Wednesday, August 22, 2012

Gluten-free Cooking 'Scratch' That


When first told to take gluten out of their diet, most people feel like something you see in the cartoons. The ground beneath them is suddenly gone. They're hanging in mid-air waiting to fall. The struggle to cook gluten-free wasn't like that for me. I had already learned about dealing with a dairy-free diet and I had fell head-over-heels in love with heath food, herbs, and the vegan diet.

During the ninety's I worked in a health food store where I learned about the vegan diet. It felt so good. Veganism naturally reduces gluten, corn, and bake goods from the diet, and incorporates a larger variety of foods into the diet. Unable to stay on the diet I continued to have health issues.

So, for me, the bottom didn't fall out. It more at slowly crumbled. It started with starch. Starch, with its high pectin content, is the quickest, easiest, and seemingly best substitute for gluten. Gluten provides quite a bit of the nutrition and the strength to hold a rise in breads and cakes. Starch's lack of nutrition lead me to develop a number of my recipes free of it. Although, cakes, breads, and cookies can be made without starch, pie crusts, crackers, tortillas, and biscuits don't hold together,crisp up or roll out with it's absence.

It was after embracing starch I hit that emptiness. Potato and corn starches have larger starch molecules. The larger the molecules the better it works as a replacement for gluten. They also tend to be cheapest. Well, what do you do if you're allergic to potatoes and corn. First there is tapioca starch. It's too close to the potato family. Crossover allergy problems happen there. So, scratch that. Arrowroot starch is an excellent corn starch substitute. Turns out, it's not unusual for manufactures to cut potato starch into a batch of arrowroot, if they are a little short during bagging. Well, scratch that. Kuzu starch made from the kudzu plant costs 7USD for 3.5 ounces. Are you going to stick a cup of it in your baking? I think not! Scratch that.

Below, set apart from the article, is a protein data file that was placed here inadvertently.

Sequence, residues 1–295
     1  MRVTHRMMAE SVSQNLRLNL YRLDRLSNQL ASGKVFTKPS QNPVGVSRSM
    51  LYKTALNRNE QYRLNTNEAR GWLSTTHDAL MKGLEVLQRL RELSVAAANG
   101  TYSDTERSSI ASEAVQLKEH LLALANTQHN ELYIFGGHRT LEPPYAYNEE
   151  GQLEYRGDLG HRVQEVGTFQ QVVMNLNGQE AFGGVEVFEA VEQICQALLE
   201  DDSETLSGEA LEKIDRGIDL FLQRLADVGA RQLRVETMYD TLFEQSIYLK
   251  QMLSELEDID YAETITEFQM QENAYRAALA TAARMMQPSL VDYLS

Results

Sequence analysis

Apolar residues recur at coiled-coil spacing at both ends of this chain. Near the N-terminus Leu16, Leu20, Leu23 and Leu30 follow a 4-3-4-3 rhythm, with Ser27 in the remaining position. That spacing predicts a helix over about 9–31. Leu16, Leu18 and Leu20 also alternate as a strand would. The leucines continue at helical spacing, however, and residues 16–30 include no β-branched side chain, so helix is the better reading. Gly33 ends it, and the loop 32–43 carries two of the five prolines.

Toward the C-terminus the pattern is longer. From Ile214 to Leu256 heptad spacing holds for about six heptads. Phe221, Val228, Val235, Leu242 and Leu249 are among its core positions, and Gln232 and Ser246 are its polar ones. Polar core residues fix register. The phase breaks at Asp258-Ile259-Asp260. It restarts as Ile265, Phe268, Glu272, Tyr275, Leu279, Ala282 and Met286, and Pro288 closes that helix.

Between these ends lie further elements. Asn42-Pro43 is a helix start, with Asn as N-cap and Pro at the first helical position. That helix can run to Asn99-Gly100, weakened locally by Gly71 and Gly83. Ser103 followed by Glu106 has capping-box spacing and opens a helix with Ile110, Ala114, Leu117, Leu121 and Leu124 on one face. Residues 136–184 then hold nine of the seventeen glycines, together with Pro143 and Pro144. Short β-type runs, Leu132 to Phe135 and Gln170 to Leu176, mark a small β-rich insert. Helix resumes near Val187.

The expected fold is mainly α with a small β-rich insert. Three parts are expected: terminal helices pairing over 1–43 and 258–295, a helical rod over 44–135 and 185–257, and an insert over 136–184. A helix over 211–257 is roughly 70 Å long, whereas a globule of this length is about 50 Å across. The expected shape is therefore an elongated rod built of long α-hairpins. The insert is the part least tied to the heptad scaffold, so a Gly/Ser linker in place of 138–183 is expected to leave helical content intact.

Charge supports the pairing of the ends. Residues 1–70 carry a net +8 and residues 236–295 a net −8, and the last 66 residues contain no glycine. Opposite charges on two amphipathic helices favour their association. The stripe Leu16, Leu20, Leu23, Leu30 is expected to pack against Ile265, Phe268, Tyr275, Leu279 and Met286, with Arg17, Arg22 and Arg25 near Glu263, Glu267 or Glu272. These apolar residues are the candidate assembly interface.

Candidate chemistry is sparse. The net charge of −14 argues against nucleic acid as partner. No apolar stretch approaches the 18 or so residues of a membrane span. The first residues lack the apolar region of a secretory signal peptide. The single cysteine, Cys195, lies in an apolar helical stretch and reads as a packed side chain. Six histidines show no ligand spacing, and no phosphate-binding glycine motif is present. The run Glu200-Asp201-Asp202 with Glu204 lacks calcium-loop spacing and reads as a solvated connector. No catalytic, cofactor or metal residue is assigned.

With so many foods scratched from my diet, it has been an ability to cook from 'scratch' that has been the biggest help in my struggle to live with, not only a large number of allergies, but to also put together a family meal which considers other family member's allergy concerns. It helps with remembering the ingredient combinations needed to make a cake rise, or to take out out one nutritious food and replace it with another. It makes me brave enough to can my own food, so I can avoid the starch not listed on a food label, but used to make factory canning machines work smoothly without oil.

What has helped you the most in your struggle with gluten/allergy-free cooking?


This weeks highly recommended website for understanding gluten sensitivity.

The World's Ultimate Resource On: Gluten Free Diets, Gluten Free Research, Gluten Free Help, Celiac Disease, and Gluten Free Recipes. Gluten Free Society